• There is the returned_* benchmark for the non-exceptional cases, to quantify the effect of calling multiple methods in a row; if that effect is on the same scale as the effect we are after, the benchmark is moot.

  • A non-lazy person would further specialize call for exceptional and non-exceptional cases, but I opted instead to review the final generated code.

  • A more cautious person might be inclined to obsess about tail-call optimizations here. TCO is not yet implemented in our JVM, and I checked in the generated assembly it did not happen.

  • An even more cautious person will obsess about inlining; actually, recursive inlining in current HotSpot versions is effectively banned, and I verified that call is not inlined. This is actually a good thing for this experiment, because we don’t have to count in the inlining things, as we would have to do later.

Results

Running this on my i5 (down-clocked to 2.0 Ghz), Linux/x86_64, JDK 7u40 will yield:

Benchmark                                   Mode   Samples         Mean   Mean error    Units
StackTraceConstructBench.exception_0000     avgt        25     1959.068       30.783    ns/op
StackTraceConstructBench.exception_0001     avgt        25     1945.958       12.104    ns/op
StackTraceConstructBench.exception_0002     avgt        25     2063.575       47.708    ns/op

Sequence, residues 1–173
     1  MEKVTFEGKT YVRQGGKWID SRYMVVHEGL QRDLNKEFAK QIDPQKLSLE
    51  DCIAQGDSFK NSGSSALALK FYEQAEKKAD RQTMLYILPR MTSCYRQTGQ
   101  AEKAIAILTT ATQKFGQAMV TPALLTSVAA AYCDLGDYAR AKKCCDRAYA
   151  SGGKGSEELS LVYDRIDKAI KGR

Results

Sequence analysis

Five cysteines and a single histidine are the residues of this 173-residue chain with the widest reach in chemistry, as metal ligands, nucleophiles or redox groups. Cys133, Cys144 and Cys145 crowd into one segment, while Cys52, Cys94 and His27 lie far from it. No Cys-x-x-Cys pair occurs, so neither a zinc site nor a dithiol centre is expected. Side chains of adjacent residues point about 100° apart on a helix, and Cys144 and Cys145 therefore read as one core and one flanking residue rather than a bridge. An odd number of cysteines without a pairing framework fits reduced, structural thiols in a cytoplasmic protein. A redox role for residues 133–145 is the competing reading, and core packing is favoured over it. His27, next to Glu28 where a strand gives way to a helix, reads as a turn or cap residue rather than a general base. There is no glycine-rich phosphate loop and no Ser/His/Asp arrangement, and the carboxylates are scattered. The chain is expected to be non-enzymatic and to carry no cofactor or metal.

StackTraceConstructBench.exception_0004     avgt        25     2211.882       29.417    ns/op
StackTraceConstructBench.exception_0008     avgt        25     2472.729       57.336    ns/op
StackTraceConstructBench.exception_0016     avgt        25     2950.847       29.863    ns/op
StackTraceConstructBench.exception_0032     avgt        25     4416.548       50.340    ns/op
StackTraceConstructBench.exception_0064     avgt        25     6845.140       40.114    ns/op
StackTraceConstructBench.exception_0128     avgt        25    11774.758       54.299    ns/op
StackTraceConstructBench.exception_0256     avgt        25    21617.526      101.379    ns/op
StackTraceConstructBench.exception_0512     avgt        25    42780.434      144.594    ns/op
StackTraceConstructBench.exception_1024     avgt        25    82839.358      291.434    ns/op
StackTraceConstructBench.returned_0000      avgt        25        4.551        0.005    ns/op
StackTraceConstructBench.returned_0001      avgt        25        4.552        0.006    ns/op
StackTraceConstructBench.returned_0002      avgt        25        7.079        0.019    ns/op
StackTraceConstructBench.returned_0004      avgt        25       10.113        0.024    ns/op
StackTraceConstructBench.returned_0008      avgt        25       16.185        0.068    ns/op
StackTraceConstructBench.returned_0016      avgt        25       28.891        0.048    ns/op
StackTraceConstructBench.returned_0032      avgt        25       53.466        0.131    ns/op
StackTraceConstructBench.returned_0064      avgt        25      119.373        0.270    ns/op
StackTraceConstructBench.returned_0128      avgt        25      221.252        0.485    ns/op
StackTraceConstructBench.returned_0256      avgt        25      433.791        1.337    ns/op
StackTraceConstructBench.returned_0512      avgt        25      840.277        8.315    ns/op
StackTraceConstructBench.returned_1024      avgt        25     1686.329        5.122    ns/op

Hence, our hypothesis is validated: the deeper the call stack, the higher the cost of exception instantiation. It is actually quite scary to waste 80 microseconds to instantiate the exception buried down in 1024 calls. Hi there, Spring! Hi there, appservers! Let us bisect that effect a bit by doing -XX:-StackTraceInThrowable: